MLB Commissioner Bud Selig: ’We Will No Longer Test For Performance Enhancing Drugs’

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NEW YORK, New York – MLB Commissioner Bud Selig- ’We Will No Longer Test For Performance Enhancing Drugs’

According to Commissioner Bud Selig, Major League Baseball will no longer be testing for steroids and other performance enhancing drugs. Steroids, Human Growth Hormones (HGH), and other performance boosters will technically remain on the books as being against the rules, but Seilg says the league will move more towards what he calls an “honor system.”

It’s a losing fight, really. Truth is, over 75% of players were testing positive each year,” stated Selig.”These drugs cause a wide range of health issues and shorten life spans. If athletes want to ruin their bodies for our entertainment, I say why not – God knows we’re paying them enough, they should put their bodies on the line for the sport.”

“Baseball needs all the help it can get,” said Boston Red Sox fan Joe Ruth. “People want to see home runs not line drives. It’s not enough to be good anymore, athletes need an edge. The players putting their lives at the most risk deserve the biggest paychecks. Putting an end to testing will put an end to players lying about it, too, so I definitely feel this is the right move.”

“I never used steroids, so I don’t think this is fair,” says former player Barry Bonds. “Players need to play and bleed and break records based on their God-given talent, like I did. If you give it time, the magic will happen, just like it did for me. I started bulking up, my hat size grew, I swear it was all natural. If it happened to me, it can happen for anyone.”

“Bonds is an idiot. If players want to kill themselves for my enjoyment, I’m all for it,” said Yankees fan Carmine Classi. ”If I gotta take drugs to be able to watch a game of baseball, they should have to take drugs to play it.”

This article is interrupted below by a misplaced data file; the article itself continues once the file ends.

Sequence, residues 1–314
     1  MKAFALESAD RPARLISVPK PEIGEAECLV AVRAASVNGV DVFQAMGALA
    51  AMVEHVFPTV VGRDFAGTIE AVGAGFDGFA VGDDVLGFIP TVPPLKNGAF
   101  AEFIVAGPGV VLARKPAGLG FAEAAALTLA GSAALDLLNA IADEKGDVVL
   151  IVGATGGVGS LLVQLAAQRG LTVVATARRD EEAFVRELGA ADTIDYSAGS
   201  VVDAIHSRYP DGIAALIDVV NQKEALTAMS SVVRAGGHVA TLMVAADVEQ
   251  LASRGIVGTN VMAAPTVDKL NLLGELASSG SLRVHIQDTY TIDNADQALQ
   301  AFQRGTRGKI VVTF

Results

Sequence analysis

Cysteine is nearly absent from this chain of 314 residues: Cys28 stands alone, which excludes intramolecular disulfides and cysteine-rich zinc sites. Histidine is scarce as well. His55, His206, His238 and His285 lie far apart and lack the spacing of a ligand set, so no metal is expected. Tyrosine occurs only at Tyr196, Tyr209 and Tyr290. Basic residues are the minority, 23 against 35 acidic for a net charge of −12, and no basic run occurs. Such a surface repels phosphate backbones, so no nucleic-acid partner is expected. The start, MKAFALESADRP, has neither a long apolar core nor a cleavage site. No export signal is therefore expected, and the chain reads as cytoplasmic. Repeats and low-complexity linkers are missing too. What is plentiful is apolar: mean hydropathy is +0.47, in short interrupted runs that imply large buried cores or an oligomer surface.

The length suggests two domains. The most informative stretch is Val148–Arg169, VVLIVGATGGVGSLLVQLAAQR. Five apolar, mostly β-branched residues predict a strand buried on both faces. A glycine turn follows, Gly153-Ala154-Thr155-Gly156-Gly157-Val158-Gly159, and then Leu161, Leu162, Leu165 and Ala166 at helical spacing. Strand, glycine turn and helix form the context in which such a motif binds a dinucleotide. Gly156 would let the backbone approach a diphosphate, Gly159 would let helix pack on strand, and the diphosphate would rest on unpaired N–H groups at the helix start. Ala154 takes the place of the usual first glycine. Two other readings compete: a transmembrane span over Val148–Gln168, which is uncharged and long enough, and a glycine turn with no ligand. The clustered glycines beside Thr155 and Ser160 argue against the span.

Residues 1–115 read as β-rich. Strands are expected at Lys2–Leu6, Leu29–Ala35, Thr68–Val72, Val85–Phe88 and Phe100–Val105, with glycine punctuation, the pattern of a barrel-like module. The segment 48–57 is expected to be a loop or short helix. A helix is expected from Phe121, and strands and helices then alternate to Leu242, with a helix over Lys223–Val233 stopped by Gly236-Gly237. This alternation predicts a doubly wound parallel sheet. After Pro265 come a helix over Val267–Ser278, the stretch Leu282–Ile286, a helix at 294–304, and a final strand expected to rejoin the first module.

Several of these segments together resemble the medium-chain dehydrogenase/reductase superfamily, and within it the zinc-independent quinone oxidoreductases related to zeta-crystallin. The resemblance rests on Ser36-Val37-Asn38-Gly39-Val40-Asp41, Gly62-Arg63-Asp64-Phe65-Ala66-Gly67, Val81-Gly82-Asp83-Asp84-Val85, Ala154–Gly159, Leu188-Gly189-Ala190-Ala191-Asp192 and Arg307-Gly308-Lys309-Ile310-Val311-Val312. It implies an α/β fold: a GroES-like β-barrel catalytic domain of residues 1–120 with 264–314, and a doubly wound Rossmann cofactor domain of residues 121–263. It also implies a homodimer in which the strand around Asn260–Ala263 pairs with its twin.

MLB Rule Changes Allows Players To Hold Bat While Running Bases

NEW YORK CITY, New York – MLB To Allow Players To Hold Bat While Running Bases

During a press conference this morning, commissioner of Major League Baseball Bud Selig announced another major change to the rules of play in professional baseball. This new announcement comes only a few months after the change to the home-plate collision rule, which makes it against the rules for catchers to block the path of a base-runner sliding into home plate.

The new rule, as Selig explained it, will allow all players to carry their bats with them to each base as they run. The change is being made to further the excitement among fans as players inevitably slide into bases and “accidentally” beat the hell out of the baseman.

“It’s a great change for all players, but it’s an even better change for people watching at home and in the stands. We know those 9 innings can sometimes be a nightmare where nothing at all happens. It’s even worse if the games go long. This change will make every base hit a nail-biter!” Said Selig.

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Selig, who has been commissioner of baseball since 1992, reportedly came up with the idea while watching the 1990 film Problem Child starring John Ritter. In the film, a man adopts an unruly child, who in one scene hits a ground ball and immediately runs to each base while holding the bat, clubbing the other kids at each base as he goes.

“I saw that scene and I laughed so hard, and I knew that the fans of MLB would laugh, too. Every time Mark Teixeira takes a nut-shot with a Louisville Slugger they’ll hoot and holler. The rule had to happen,” said Selig.

Selig said he also thought of changing the name of the “home-run” to a “touchdown,” which is what the boy from Problem Child began chanting after making it around the bases in the film. “I knew that the NFL would never allow us to steal their phrase, though,” said Selig. There is no word whether this new rule supersedes the recent home-plate collision rule.

Players are apparently divided on the new rule, with some actually talking about quitting the game all together.

“I never wanted to have to worry about getting smacked in the jimmies with a baseball bat,” said Derek Jeter, former shortstop for the New York Yankees. “It was bad enough that I had to worry about balls flying at my face while I was on the field. I guess I got out at just the right time.”

David Ortiz, DH for the Boston Red Sox, said he is glad that he will be able to carry the bat with him as he rounds the bases.

“I am a big man, I know that,” said Ortiz. “I already carry a presence on the field. Now I can carry a Louisville Slugger, too. No one will mess with Big Papi now.”

Neither Selig nor any representative for MLB could be reached for further comment.

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